What to wear when…at the ends of the Earth

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Hawai’i Volcanoes National Park–the natural playground of my childhood–has a secret network of closed and abandoned roads, most forbidden to cars but open to hikers and bikers on a hunt for adventure. One forgotten highway in particular leads from the side of the historic Volcano House lodge, and it’s a grass-covered road featuring cast-off parking lots and overlooks. This road has been closed since before I was born, I’m pretty sure: it’s so grown over that it’s hard to imagine the time when it was lively and full of traffic.

You can imagine, then, that I ached to explore it again–and do a little hiking fashion shoot in one of its abandoned parking lots, naturally. Why not?

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This post, like most of my travel accounts, pairs best with the musical accompaniment of my favorite band of 2015, Lord Huron: “To the Ends of the Earth”  is my ultimate ode to wanderlust.

It’s also incredibly fitting in Volcano, where landscapes change, vanish, and re-form every minute. We started out our day’s journey on the Devastation Trail, a quick hike through a cinder desert that always made me feel like I was traveling Mars as a child. A few columns of vog floated up into the sky, but you could still see beautiful Mauna Loa rising up like the back of a surfacing whale on the horizon.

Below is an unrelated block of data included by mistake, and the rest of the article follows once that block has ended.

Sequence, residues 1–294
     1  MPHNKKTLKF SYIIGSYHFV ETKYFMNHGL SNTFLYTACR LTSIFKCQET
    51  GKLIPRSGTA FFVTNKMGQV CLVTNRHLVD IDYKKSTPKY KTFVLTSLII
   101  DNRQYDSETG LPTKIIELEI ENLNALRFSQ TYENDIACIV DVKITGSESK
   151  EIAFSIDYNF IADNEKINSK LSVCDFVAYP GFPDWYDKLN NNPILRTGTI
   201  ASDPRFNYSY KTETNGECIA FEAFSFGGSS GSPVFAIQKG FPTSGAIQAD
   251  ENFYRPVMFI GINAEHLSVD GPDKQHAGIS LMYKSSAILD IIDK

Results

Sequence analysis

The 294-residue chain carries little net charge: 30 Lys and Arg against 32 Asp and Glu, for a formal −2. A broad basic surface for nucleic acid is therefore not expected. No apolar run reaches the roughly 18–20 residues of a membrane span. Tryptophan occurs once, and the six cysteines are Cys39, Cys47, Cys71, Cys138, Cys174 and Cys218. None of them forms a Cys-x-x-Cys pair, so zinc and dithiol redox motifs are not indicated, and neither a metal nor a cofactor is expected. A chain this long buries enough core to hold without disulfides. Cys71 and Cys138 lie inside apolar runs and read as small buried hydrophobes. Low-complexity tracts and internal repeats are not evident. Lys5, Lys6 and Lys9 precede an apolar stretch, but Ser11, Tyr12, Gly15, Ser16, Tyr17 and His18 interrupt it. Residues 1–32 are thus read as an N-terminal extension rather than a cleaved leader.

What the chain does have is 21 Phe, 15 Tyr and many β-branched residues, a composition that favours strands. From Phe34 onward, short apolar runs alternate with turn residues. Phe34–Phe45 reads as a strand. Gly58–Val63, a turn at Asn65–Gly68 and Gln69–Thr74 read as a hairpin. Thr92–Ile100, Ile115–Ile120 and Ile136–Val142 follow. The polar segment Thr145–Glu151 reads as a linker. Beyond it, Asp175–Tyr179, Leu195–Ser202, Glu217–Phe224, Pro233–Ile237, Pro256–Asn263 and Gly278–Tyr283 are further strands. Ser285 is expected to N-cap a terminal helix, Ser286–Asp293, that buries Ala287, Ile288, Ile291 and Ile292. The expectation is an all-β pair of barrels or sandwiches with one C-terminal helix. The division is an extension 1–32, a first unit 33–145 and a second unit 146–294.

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Then it was off to the main area of the Park, where we returned to the abandoned road of my childhood–it was amazing to see how the grasses and trees had continued their conquest of the macadam.

I briefly settled down in the former parking lot to show off the day’s exploration apparel: a floral pocket tee, leggings, weird sneakers that surprisingly matched my shirt, and the lacy cloche hat that’s the answer to all my headwear needs in life.

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We take roads and their signature iconography–straight yellow lines, dotted white ones, arrows and road-bumps–for granted, ignoring them every day because they’re so familiar. It was surprisingly meaningful to examine these abandoned road markings and see how they’d changed over time. Moss and lichen tore into the yellow paint with cracks of green and white, smaller stones wedged their way into larger crevasses, and an army of tiny insects and trees celebrated their new kingdom, free of cars.

I could never be one of those “urban explorers” who journey into true abandoned places: but when the Park allows hikers to cross these places where (as Arcade Fire might say) no cars go, I’m happy to look into these little snapshots of time and decay, imagining all the events and changes this road has seen in its long life.

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2 thoughts on “What to wear when…at the ends of the Earth

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